content-banner

Feedback call on UK Government to take action against food waste

Feedback have submitted a response to the British Government’s Environment, Farming and Rural Affairs (EFRA) Committee inquiry on ‘Food Waste in England’. Read the full response here.

parsnips

The inquiry seeks to understand the social, economic and environmental impact of food waste at the household, retail, hospitality and local government levels. Feedback join other organisations, including the NFU and Friends of the Earth in calling for the scope of the inquiry to be wider and include a focus on food waste that arises in the supply chain, particularly at the farm level.

Disproportionate attention has been paid to food waste at the household level in England since the launch of the Waste Strategy in 2007. While this has led to significant reductions, primarily through the work of the Love Food Hate Waste campaign,  we believe that efforts to reduce food waste in the supply chain have been left on the side lines for far too long.

Part of the reason supply chain food waste has been neglected in the UK, and indeed at the international level[1], is due to the lack of data available. Farmers and other suppliers in the food system are not sufficiently incentivised to measure their food waste. Instead, waste caused by unfair trading practices such as order cancellations and rejections are something that many businesses just have to swallow, as they fear that complaining out about it could cause them to lose business.  Similarly cosmetic specifications that lead to ‘imperfect’ produce being wasted, has simply become the norm for many suppliers.

In order to seriously tackle food waste in England and across the United Kingdom, Feedback believes that the government must address the lack of transparent data on supply chain food waste and also tackle the current climate of fear in supermarket supply chains.

Beyond taking action to prevent food waste, the British Government must ensure the correct use of the food waste hierarchy is implemented by food businesses by reviewing the current ban on feeding catering waste to non-ruminant livestock to allow the development of an economic and robustly monitored food to feed industry, and by removing subsidies that prioritise waste management over waste prevention.

Feedback consider that legislation in the following five areas is necessary to effectively reduce food waste in England:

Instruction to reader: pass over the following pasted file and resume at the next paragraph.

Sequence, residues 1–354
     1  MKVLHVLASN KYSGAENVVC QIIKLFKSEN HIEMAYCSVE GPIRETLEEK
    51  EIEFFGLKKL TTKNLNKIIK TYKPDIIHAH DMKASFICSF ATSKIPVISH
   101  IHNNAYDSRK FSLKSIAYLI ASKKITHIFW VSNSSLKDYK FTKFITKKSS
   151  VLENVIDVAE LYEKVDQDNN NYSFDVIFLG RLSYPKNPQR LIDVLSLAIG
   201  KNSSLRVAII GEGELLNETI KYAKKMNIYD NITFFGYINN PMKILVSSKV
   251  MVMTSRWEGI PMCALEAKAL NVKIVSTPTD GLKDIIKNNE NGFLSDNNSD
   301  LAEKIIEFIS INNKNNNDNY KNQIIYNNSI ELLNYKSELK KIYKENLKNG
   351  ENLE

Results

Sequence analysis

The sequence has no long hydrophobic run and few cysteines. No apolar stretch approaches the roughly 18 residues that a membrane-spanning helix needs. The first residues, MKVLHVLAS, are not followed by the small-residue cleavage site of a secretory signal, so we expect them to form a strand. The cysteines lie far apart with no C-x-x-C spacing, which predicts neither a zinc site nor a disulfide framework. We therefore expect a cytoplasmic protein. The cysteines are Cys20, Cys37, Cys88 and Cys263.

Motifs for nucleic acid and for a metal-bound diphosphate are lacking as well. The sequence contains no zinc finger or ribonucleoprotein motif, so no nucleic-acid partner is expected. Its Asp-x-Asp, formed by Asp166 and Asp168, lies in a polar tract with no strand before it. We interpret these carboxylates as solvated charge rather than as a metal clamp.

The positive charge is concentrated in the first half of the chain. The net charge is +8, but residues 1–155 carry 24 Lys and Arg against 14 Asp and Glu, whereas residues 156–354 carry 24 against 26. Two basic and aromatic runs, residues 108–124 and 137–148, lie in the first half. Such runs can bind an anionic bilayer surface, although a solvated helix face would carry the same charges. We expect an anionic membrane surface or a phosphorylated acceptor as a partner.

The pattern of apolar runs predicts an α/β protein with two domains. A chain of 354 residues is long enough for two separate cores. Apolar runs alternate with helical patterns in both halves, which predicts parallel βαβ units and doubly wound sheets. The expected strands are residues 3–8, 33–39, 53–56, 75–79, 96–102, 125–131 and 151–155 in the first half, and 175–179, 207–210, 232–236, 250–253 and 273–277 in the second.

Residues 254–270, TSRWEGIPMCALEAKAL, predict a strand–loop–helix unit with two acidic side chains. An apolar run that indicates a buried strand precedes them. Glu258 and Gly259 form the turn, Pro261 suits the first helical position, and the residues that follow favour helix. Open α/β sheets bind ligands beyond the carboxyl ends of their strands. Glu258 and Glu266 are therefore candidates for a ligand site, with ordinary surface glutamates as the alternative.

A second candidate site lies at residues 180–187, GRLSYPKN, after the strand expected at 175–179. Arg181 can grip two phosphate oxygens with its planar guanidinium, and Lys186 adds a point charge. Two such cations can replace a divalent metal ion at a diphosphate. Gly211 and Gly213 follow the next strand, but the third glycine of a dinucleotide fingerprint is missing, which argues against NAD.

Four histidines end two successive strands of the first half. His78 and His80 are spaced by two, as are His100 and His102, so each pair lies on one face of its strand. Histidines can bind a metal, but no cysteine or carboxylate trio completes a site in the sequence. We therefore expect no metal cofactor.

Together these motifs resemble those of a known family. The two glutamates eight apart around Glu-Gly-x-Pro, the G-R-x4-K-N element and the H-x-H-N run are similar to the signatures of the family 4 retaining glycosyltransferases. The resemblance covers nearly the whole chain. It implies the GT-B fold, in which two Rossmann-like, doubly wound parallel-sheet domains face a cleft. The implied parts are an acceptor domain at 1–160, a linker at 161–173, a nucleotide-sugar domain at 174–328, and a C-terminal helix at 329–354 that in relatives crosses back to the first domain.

• A UK national food waste reduction target

Alongside Scotland, the UK government should set a target for Northern Ireland, Wales, Scotland and England to halve food waste across the supply chain (including pre retail food waste) by 2030, in line with the United Nations Sustainable Development (UNSDG) Goal 12.3 to halve food waste globally by 2030.

  • Mandatory industry food waste reporting

The UK government should introduce legislation that makes public reporting of food waste data mandatory for food businesses over a particular size, including data on supply chains.  Making this data publicly available would increase competition between businesses generating positive results for consumers, retailers and suppliers.

  • Strengthening the remit of the Groceries Code Adjudicator (GCA)

The GCA is limited to regulating the relationship between retailers and their direct (first-tier) suppliers meaning that indirect suppliers are not protected from unfair trading practices (UTPs) that can cause overproduction and food waste. Feedback recommend that the GCA have their remit extended in order to protect indirect suppliers in the same way that direct suppliers are protected.

  • Removal of subsidies that incentivise sending edible food to anaerobic digestion

To ensure food waste prevention efforts take priority over anaerobic digestion (AD), in line with the food waste hierarchy, Feedback advocate that Renewables Obligation Certificates (ROCs) are only available for the AD of non-edible food waste that is otherwise destined for landfill, and not any food waste that could be directed further up the hierarchy (as is the case with the Renewable Heat Initiative).

  • Revision of the ban on feeding catering waste to non-ruminant livestock

Feedback advocates the use of regulated, centralized, sophisticated catering waste treatment systems to ensure food waste can safely be used in feed for non-ruminants (pigs and chickens). Legislation is currently blocking such systems from being created that could simultaneously reduce food waste, create jobs, and significantly improve the environmental impact of meat production.

[1] The UN Sustainable Development Goal 12.3 seeks to halve food waste globally by 2030 at the household and retail level, whilst recommending efforts should also be made to reduce supply chain waste albeit without a measurable reduction target.